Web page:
• The current conversation about healthcare is a nearly trillion-dollar tax cut in disguise (by eliminating the employer mandate), but what you really should be concerned about is the notion that the underlying “new normal” in play is Healthcare Is Not a Right. Folks, 24 million Americans are estimated to lose their insurance. That means many of you will immediately be placed in a situation in which you will have to decide whether to spend your disposable income on food or healthcare (including medicine). It means in many instances, whatever is wrong with you won’t be discovered until you’re in an emergency room and it’s too late, and/or the opportunity for a full recovery won’t be nearly what it would have been with primary care or preventive efforts. As if that’s not enough, the facade of insurance will become the norm. Your “new” AHCA insurance will not cover ER visits, hospitalizations, laboratory services, prescription drugs, maternity and newborn care, pediatric services (oral and vision care), preventive and wellness services, chronic disease management, mental health and substance use disorder services, rehabilitative services and devices. Get ready for personal bankruptcies to go through the roof.

  • There appears to be no airspace being given to the other fundamental healthcare option. As mentioned in the beginning, the narrative presuming that healthcare is not a right. The US stands alone among the civilized world in not providing universal health care. Once upon a time, the current President actually insisted that everyone needed to be covered. Where is the conversation regarding providing insurance or coverage for all in the same way police protection, education (for now) and a safety net for (some of) the most vulnerable? The goal of distraction is invariably to move away from the more important consideration.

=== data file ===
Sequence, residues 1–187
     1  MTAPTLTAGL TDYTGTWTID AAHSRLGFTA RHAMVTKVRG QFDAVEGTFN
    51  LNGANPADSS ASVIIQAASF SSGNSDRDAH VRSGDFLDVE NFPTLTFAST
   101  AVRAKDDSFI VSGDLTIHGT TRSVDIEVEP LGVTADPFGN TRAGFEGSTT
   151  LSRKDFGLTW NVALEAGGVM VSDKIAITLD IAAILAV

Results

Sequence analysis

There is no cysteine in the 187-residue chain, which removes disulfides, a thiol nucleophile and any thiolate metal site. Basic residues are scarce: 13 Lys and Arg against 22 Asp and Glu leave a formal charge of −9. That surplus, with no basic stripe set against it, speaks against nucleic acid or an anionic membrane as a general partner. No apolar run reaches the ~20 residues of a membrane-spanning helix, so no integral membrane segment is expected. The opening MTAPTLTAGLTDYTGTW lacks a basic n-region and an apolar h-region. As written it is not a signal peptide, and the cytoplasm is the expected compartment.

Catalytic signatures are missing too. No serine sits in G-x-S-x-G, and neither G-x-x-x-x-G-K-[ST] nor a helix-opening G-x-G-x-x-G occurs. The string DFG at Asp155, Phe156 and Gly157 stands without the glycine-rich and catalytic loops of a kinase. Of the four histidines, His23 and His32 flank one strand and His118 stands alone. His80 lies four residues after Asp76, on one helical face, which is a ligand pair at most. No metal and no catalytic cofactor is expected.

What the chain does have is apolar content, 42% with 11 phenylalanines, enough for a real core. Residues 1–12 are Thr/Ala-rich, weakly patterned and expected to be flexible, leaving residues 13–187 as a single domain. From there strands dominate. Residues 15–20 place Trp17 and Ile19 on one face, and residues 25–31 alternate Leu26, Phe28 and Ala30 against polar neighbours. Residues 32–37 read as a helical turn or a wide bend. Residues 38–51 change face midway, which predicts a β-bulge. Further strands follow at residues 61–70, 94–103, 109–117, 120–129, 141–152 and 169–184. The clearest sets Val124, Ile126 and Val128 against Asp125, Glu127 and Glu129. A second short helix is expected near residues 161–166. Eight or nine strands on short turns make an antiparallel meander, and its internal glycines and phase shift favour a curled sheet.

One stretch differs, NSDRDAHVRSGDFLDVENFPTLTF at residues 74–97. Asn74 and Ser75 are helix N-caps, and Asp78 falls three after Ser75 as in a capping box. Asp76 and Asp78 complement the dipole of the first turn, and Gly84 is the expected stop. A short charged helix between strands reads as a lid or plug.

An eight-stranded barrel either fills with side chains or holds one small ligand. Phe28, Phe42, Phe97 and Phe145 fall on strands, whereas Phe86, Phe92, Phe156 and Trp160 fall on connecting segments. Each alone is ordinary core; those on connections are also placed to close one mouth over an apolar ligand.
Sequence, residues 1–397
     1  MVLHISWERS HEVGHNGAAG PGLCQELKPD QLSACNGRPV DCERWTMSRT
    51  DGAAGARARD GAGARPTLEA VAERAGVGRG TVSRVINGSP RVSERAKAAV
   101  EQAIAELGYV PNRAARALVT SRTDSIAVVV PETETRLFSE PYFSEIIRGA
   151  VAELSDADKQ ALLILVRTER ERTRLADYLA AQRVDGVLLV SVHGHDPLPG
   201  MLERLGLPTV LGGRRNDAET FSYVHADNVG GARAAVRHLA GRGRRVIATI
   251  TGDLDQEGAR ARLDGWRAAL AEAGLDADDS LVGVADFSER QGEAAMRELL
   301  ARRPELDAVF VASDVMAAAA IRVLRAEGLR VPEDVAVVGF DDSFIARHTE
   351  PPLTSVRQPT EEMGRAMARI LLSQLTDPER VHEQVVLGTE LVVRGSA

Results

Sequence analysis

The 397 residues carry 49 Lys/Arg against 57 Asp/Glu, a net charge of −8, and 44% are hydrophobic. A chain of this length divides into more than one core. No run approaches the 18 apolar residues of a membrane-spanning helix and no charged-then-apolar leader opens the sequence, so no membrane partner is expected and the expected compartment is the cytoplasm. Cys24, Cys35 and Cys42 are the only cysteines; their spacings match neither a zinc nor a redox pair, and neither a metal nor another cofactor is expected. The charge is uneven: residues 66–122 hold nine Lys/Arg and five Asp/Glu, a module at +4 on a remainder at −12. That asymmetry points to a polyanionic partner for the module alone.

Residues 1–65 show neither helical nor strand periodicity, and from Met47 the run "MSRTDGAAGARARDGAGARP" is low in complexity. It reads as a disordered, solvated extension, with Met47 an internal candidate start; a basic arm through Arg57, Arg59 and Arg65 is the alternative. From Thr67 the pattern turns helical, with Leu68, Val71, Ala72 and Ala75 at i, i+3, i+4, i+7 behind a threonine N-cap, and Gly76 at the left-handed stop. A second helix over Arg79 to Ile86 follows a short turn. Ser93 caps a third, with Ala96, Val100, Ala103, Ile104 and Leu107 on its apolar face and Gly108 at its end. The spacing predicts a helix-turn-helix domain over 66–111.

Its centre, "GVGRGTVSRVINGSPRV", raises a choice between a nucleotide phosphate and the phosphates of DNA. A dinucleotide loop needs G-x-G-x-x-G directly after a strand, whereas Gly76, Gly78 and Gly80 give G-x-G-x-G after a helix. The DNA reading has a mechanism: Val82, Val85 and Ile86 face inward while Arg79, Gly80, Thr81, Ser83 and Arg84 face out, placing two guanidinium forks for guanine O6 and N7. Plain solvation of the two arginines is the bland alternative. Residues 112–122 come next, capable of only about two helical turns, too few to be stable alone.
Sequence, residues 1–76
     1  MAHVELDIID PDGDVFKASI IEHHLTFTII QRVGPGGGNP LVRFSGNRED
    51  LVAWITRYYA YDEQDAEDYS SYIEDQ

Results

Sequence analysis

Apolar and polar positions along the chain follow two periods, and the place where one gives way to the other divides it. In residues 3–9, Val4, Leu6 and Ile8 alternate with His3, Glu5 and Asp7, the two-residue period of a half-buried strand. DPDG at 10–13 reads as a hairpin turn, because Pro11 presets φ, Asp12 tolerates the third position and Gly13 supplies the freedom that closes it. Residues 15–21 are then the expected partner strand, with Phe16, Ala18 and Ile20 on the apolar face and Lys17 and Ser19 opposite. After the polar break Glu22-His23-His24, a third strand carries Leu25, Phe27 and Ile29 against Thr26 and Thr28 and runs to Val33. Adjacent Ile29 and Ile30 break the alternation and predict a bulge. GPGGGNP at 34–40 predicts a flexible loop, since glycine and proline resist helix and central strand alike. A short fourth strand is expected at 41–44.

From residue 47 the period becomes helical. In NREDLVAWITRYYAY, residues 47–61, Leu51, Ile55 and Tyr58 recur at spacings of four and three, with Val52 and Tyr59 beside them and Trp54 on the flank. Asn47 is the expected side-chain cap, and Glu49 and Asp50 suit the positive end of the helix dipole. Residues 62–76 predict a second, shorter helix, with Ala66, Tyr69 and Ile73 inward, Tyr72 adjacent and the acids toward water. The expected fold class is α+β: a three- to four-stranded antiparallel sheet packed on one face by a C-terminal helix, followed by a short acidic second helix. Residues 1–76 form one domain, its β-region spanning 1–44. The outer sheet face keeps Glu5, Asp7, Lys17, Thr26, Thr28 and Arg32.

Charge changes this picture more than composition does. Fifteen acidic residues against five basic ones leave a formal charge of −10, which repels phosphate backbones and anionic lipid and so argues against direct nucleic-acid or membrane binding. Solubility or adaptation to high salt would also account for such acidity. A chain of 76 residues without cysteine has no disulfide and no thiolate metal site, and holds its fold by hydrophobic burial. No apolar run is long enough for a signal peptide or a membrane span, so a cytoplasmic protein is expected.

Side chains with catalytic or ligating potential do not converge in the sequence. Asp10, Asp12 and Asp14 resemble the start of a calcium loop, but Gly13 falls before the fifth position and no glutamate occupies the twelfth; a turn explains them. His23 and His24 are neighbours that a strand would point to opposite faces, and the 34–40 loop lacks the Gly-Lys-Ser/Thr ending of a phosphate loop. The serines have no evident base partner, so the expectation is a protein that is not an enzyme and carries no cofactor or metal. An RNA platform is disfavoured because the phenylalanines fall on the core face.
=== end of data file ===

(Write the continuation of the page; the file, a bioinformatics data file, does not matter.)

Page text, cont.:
As a reminder (or in case you didn’t know), here’s the 11th hour reason there aren’t enough votes within the Republican caucus to carry the vote at this time. President Trump’s final offered deal – a concession to replace the ACA’s mandate that insurance plans provide even a minimal level of “essential” benefits – was deemed not good enough, because the more conservative members (the “Freedom Caucus”) wanted a complete repeal of all ACA regulations, including such things as mandatory coverage for preexisting conditions and the ability to stay on one’s parents’ insurance until age 26. For the record, recent negotiations in an effort to gain passage in the House of Delegates have revised financial projections (by the non-partisan Congressional Budget Office) such that if passed, the AHCA is now expected to reduce the deficit by $150 billion over 10 years, a decrease from the $337 billion initially projected, while still forecasting a loss of insurance by 24 million people over a decade.